Nippostrongylus brasiliensis (Travassos)

Panti-May, Jesús Alonso, Digiani, María Celina, Palomo-Arjona, Eduardo Emir, Gurubel-González, Yessica Margely, Navone, Graciela T., Machain-Williams, Carlos, Hernández-Betancourt, Silvia F. & Robles, María Del Rosario, 2018, A checklist of the helminth parasites of sympatric rodents from two Mayan villages in Yucatán, México, Zootaxa 4403 (3), pp. 495-512: 503-504

publication ID

https://doi.org/10.11646/zootaxa.4403.3.4

publication LSID

lsid:zoobank.org:pub:171E79AE-35AF-48B1-B1CA-7A2D2F3F488F

persistent identifier

http://treatment.plazi.org/id/03CE87A4-D302-FFCC-EF90-9B72FD7522AF

treatment provided by

Plazi

scientific name

Nippostrongylus brasiliensis (Travassos)
status

 

Nippostrongylus brasiliensis (Travassos)  

(= Heligmosomum braziliense Travassos   ; = Heligmosomum muris Yokogawa   )

Site of infection: Small intestine

Host: Rattus rattus  

Locality: Paraíso

Prevalence and mean intensity (range): 14.3% (1/7) and 37 (37)

Specimens deposited: MLP-He 7433 and CNHE 10712

Comments: The specimens collected in this study exhibited characteristics described by Yokogawa (1920) and Haley (1961), i.e. 14 cuticular ridges in the synlophe at midbody; asymmetrical bursa with right lobe longer than left, with pattern of type 1-4; in right lobe, ray 2 long and slender, rays 3 and 6 short and slender, rays 4 and 5 thick contiguous and diverging in distal portion; in left lobe, rays 2 to 5 long and slender, ray 6 thick and curved towards dorsal lobe; both rays 8 short and slender; short dorsal ray; rays 9 arising at same level of division of the dorsal ray; and spicules 565–618 long.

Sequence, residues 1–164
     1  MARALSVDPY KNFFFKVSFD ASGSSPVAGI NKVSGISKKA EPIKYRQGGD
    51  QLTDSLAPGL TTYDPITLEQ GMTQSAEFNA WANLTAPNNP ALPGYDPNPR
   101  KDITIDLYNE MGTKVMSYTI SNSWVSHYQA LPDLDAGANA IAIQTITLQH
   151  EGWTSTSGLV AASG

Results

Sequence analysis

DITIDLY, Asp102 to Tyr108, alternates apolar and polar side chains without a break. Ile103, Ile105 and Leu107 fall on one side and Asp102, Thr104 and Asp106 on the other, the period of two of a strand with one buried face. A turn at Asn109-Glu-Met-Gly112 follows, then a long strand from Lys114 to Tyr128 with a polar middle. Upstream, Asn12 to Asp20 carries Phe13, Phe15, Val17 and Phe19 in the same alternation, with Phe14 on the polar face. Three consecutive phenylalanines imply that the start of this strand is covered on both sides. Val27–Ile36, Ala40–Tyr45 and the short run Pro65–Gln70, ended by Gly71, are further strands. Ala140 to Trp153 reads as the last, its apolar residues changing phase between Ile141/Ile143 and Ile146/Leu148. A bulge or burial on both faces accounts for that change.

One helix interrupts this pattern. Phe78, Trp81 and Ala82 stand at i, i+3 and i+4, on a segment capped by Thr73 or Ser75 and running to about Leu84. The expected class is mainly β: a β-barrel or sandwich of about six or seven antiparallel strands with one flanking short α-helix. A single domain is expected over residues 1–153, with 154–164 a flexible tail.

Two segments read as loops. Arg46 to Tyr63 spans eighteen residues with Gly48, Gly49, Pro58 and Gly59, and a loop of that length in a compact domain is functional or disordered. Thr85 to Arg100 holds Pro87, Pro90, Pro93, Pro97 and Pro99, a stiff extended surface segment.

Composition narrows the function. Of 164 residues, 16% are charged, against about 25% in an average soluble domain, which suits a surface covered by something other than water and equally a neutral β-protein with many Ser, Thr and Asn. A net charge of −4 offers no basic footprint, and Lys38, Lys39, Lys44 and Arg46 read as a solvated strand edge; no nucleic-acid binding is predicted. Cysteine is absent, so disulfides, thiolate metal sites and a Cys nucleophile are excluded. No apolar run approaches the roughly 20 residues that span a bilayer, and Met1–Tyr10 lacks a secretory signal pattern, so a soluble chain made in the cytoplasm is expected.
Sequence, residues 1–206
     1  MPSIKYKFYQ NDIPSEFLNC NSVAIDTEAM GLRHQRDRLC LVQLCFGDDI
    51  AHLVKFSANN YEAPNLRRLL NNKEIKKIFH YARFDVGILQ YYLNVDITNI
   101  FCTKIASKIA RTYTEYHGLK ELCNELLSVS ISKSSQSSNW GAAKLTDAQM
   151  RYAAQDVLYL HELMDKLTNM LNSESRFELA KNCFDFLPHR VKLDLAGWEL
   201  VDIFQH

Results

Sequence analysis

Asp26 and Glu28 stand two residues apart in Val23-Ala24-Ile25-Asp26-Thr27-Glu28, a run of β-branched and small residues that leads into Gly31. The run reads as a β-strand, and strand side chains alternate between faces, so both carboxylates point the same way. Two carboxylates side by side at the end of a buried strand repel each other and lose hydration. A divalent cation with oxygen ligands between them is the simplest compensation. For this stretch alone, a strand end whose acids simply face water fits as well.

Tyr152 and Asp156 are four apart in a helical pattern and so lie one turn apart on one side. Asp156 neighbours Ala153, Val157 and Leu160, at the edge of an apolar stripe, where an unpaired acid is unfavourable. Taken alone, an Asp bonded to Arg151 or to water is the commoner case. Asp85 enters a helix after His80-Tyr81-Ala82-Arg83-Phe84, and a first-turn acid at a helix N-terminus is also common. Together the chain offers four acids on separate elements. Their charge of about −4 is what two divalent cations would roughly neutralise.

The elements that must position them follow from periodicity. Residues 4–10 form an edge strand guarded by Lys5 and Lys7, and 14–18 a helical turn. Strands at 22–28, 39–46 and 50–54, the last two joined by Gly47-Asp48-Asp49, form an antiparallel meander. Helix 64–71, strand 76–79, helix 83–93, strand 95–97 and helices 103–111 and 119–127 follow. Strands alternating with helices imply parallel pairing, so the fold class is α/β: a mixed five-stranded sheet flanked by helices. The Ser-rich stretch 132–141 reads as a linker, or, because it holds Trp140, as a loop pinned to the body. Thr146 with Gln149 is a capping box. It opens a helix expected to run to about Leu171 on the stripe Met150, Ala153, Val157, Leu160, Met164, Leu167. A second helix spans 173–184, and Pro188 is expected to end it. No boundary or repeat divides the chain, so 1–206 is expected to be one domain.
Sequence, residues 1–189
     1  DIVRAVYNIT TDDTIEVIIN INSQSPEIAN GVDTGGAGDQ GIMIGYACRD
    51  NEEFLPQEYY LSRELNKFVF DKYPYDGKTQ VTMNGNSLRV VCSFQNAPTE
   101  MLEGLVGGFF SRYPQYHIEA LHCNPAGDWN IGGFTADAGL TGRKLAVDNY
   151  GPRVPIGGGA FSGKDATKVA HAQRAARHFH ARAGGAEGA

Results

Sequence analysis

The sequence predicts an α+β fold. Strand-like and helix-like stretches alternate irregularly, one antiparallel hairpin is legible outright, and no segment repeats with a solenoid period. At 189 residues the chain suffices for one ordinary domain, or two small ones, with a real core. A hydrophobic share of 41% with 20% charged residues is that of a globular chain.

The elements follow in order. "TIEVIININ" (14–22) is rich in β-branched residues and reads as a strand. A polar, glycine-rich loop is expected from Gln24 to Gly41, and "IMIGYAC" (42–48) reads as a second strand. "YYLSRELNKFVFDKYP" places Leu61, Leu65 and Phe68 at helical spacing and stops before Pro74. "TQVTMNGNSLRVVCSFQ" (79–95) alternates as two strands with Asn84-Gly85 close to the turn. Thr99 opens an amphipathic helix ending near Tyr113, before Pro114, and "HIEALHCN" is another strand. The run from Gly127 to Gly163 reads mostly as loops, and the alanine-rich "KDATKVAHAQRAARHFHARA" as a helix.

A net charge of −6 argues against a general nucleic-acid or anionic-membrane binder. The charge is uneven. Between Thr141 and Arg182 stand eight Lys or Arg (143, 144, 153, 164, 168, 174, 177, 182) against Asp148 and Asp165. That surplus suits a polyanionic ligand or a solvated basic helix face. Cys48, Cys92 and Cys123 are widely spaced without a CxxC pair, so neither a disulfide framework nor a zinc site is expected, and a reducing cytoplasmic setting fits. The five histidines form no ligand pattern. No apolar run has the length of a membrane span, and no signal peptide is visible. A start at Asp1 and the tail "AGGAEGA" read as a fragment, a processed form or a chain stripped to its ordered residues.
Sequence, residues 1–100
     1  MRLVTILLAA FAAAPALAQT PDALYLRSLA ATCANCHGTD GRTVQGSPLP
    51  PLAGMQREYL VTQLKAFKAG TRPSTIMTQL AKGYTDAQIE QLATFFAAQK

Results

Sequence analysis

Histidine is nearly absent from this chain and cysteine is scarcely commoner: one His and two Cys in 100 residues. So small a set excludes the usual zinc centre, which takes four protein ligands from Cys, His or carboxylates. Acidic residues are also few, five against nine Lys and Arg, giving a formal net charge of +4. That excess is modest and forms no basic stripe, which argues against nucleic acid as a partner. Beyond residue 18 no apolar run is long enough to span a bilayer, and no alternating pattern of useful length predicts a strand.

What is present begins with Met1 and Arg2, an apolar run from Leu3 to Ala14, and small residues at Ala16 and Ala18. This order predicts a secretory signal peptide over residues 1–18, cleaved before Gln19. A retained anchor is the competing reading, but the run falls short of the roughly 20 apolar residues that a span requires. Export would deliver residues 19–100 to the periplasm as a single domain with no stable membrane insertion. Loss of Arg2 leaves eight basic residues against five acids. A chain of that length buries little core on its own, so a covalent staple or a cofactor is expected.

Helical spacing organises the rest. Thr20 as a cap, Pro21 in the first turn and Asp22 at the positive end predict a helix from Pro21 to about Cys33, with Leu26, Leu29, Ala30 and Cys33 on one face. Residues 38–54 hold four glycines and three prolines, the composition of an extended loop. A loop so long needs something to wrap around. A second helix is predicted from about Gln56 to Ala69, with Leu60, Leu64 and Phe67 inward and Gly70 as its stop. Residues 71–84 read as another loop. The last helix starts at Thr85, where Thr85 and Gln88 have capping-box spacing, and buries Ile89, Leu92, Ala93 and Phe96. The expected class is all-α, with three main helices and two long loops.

In México, N. brasiliensis   has been recorded from M. musculus   in Tabasco ( Cigarroa-Toledo et al. 2017), R. rattus   in Hidalgo (Pulido-Flores et al. 2005) and Tabasco ( Cigarroa-Toledo et al. 2017), and R. norvegicus   in Michoacán (Hierro-Huerta 1992) and Tabasco ( Cigarroa-Toledo et al. 2017).

In Yucatán, this species has been previously reported from M. musculus   and R. rattus   in three localities in Mérida and Opichén (Panti-May et al. 2015, 2017).